Let's get this out of the way. I love "Frozen." It is probably my favorite Disney movie since "The Lion King." It holds a special place in my heart as the first movie my daughter (3) has ever sat through. It holds an even more special place as the first movie my daughter has sat through 3 times. So let's talk about what I love about it first. Spoilers ahead for those who haven't seen the film.
For too long in movies, true love has been something that a princess must obtain. And not just obtain from anywhere, obtain from a man. It is a gift he gives her. In early Disney Princess mythology it was as literal as a kiss. The prince wakes Sleeping Beauty with a kiss. The prince saves Snow White with a kiss. Ariel has to earn her legs by getting Prince Eric to kiss her. So when in "Frozen", after accidentally getting iced in the heart by her Ice Queen sister, Princess Anna must race back to her "True Love" (whom she had just met a day or so earlier and has had 0 quality time with) to get his magic, lifesaving "kiss", I rolled my eyes. Here we go again. The music was amazing. The story of Anna trying to connect with her sister was captivating. And now it had all been reduced to another "dude saves the princess with a kiss story." But then the writers threw in the first big twist.
Anna's "true love" turns out to be an opportunistic douchebag who just wanted to marry her because she was a princess. He was never in love with her, and his kiss would have been lame anyway. But now Anna is going to die unless she finds an act of true love! Luckily another gentlemen, the kind and attentive Kristoph is galloping down the mountain and across the frozen fjords to lay a big smooch on Anna's lips before she turns to ice! Oh well, at least Anna spent more than a half an hour with Kristoph before he became her only hope for salvation. I had still hoped for more… and then more happened.
Opportunistic Douchebag goes after Anna's older sister, Queen Elsa, with a sword intent on killing her and usurping the throne. Anna sees this about to happen and turns from a quickly approaching Kristoph to go and save her. Suddenly we all realize what has been happening the whole time. This isn't a love story between Anna and Douche Canoe. It isn't even a love story between Anna and Kristoph. This is a love story between Anna and her sister! In her final moment Anna sacrifices her life to save her Elsa. True love is her gift to give. And through it, she is saved.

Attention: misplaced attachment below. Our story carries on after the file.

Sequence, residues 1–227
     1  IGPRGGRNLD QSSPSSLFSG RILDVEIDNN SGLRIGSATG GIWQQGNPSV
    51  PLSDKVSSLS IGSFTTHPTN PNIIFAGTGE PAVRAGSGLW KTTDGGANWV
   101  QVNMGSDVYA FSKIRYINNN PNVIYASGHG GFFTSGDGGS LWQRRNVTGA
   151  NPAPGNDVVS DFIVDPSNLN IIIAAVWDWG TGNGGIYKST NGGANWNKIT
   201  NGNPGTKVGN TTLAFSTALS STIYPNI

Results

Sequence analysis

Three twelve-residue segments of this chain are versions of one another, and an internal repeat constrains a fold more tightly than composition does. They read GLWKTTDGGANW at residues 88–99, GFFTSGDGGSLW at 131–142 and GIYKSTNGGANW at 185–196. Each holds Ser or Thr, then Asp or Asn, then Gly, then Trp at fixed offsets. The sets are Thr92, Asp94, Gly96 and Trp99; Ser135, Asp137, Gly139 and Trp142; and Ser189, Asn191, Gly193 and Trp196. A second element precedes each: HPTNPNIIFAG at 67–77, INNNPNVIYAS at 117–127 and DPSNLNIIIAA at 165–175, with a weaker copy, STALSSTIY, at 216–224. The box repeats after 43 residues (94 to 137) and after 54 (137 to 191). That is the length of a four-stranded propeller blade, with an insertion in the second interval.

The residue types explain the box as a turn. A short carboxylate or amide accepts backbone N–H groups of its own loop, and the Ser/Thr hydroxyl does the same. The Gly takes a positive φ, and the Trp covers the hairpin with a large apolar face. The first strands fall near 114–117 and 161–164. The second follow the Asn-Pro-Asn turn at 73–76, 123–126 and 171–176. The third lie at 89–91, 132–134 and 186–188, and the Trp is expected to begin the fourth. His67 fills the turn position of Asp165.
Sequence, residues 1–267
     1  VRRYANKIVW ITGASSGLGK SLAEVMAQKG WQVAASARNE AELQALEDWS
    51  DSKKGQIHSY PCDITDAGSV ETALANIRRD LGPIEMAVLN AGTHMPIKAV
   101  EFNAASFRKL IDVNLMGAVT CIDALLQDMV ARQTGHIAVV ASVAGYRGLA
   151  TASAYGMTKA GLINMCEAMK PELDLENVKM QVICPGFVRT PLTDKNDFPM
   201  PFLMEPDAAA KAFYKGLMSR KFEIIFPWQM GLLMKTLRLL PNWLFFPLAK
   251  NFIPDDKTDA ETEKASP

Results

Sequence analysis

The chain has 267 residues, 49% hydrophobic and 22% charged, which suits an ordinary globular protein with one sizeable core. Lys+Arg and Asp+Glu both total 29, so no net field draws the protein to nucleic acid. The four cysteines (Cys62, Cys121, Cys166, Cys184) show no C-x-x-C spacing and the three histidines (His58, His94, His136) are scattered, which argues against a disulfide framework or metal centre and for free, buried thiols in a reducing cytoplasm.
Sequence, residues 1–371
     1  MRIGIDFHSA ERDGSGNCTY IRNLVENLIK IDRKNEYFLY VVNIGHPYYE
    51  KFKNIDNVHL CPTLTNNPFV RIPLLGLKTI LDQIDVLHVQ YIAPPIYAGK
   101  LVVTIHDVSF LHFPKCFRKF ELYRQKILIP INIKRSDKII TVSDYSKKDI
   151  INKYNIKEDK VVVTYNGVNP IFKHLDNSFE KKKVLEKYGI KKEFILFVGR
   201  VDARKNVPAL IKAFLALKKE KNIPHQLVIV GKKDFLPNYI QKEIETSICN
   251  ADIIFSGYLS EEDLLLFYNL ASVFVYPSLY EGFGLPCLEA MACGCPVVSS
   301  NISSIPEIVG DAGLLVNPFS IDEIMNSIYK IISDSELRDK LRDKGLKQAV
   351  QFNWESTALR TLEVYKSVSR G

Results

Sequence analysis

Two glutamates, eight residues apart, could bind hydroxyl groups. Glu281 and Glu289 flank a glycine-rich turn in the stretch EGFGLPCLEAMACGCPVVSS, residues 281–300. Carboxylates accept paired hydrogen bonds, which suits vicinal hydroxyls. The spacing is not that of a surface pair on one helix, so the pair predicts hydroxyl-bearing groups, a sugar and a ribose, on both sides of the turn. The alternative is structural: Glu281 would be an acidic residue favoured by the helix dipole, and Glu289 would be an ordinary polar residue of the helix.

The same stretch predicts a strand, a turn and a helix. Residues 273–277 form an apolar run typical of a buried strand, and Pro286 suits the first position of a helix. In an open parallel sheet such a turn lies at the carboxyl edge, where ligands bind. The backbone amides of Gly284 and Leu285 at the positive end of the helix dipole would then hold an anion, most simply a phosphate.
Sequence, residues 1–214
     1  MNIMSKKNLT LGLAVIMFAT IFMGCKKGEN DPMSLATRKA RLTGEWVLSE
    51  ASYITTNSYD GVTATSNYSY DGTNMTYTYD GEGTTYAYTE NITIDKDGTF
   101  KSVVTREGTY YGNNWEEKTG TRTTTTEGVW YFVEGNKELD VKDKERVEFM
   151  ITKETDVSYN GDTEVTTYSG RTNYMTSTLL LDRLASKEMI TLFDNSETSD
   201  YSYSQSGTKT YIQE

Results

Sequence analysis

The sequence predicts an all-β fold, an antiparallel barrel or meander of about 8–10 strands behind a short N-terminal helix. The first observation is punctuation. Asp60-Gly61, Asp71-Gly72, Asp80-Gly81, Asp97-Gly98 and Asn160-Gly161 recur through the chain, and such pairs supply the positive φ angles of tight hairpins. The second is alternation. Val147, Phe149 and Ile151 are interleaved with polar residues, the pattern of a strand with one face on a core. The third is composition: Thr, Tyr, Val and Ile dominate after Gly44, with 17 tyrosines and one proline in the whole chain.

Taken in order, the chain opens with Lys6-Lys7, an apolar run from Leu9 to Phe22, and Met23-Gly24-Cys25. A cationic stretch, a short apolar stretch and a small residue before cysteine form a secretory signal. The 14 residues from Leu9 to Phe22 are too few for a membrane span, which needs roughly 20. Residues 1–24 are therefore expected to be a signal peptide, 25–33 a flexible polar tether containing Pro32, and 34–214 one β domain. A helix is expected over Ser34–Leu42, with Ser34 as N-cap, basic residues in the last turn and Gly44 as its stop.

Bravo! Genius! Empowering! I was honestly moved to tears. Here is a movie I can show my daughter over and over again. It has depth and thought behind it. It is beautiful. But wait, the movie isn't over.
After Anna is resurrected by the giving of love, not the receiving, and after the fjords melt and the endless winter is ended, everyone is standing around on a boat having a nice time. Suddenly, Douchenozzle Liar Prince is found on the deck. After being properly restrained, I am sure he will be punished according to the law of the magical cartoon kingdom. Anna and Elsa have reconnected and all is well in the world. Aaaaand then Anna punches Prince Doucherton of Douchetonia violently in the face sending him flying into the water. Everyone smiles in the movie. Everyone laughs in the theater. My daughter laughs. I sit silent.
Stick with me here. Aside from being a princess, there is nothing inherently female about the character of Anna. She is human. She wants love. She wants to connect with her sister. She wants companionship. All of those character details are non-gender-specific. If Disney had wanted to, Princess Anna could have easily been Prince Adam. Aside from changing the key of a few of the songs, they wouldn't have even had to change the script. Well, except for violently punching a member of the opposite sex in the face. They probably would have to change that. What if, at the end of the movie, the opportunistic Mrs. Douchette had been found on the deck of the boat, defeated and readily available to provide contextual closure to her part of the plot line, and the beautifully written, rendered, and character developed Prince Adam had proceeded to punch her directly in the face? I doubt there would have been as much laughter in the theater.
Look. I know I'm being a bit nitpicky. And really, it is just another part of the movie that will inspire conversation between my daughter and I. And I realize there are hundreds of other examples of female on male comedic violence in movies that I have probably enjoyed and not critiqued in the past. It's just… it's just that "Frozen" is so good, and so smart, and so wonderful, that the one, completely unneeded punch in the face took me out the world that Disney had worked so hard for the previous two hours creating. It wasn't necessary, and it sent the wrong message that violence against men is a joke - which it isn't.
I still love the movie. I still think Disney is working hard to move the idea of "princess" from one of entitlement to one of empowerment. That is wonderful, and I support it. Maybe just do it without needless, non-self-defensive punching of men in the face - even if they are horrible, lying douchebags.
Love, Dad (John)
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PS: I probably don't need to say this again, but I really do love the movie. I think it is spectacular. I just think the punch warrants further discussion. Please feel free to agree or disagree with me in the comments. I don't have a monopoly on being right :)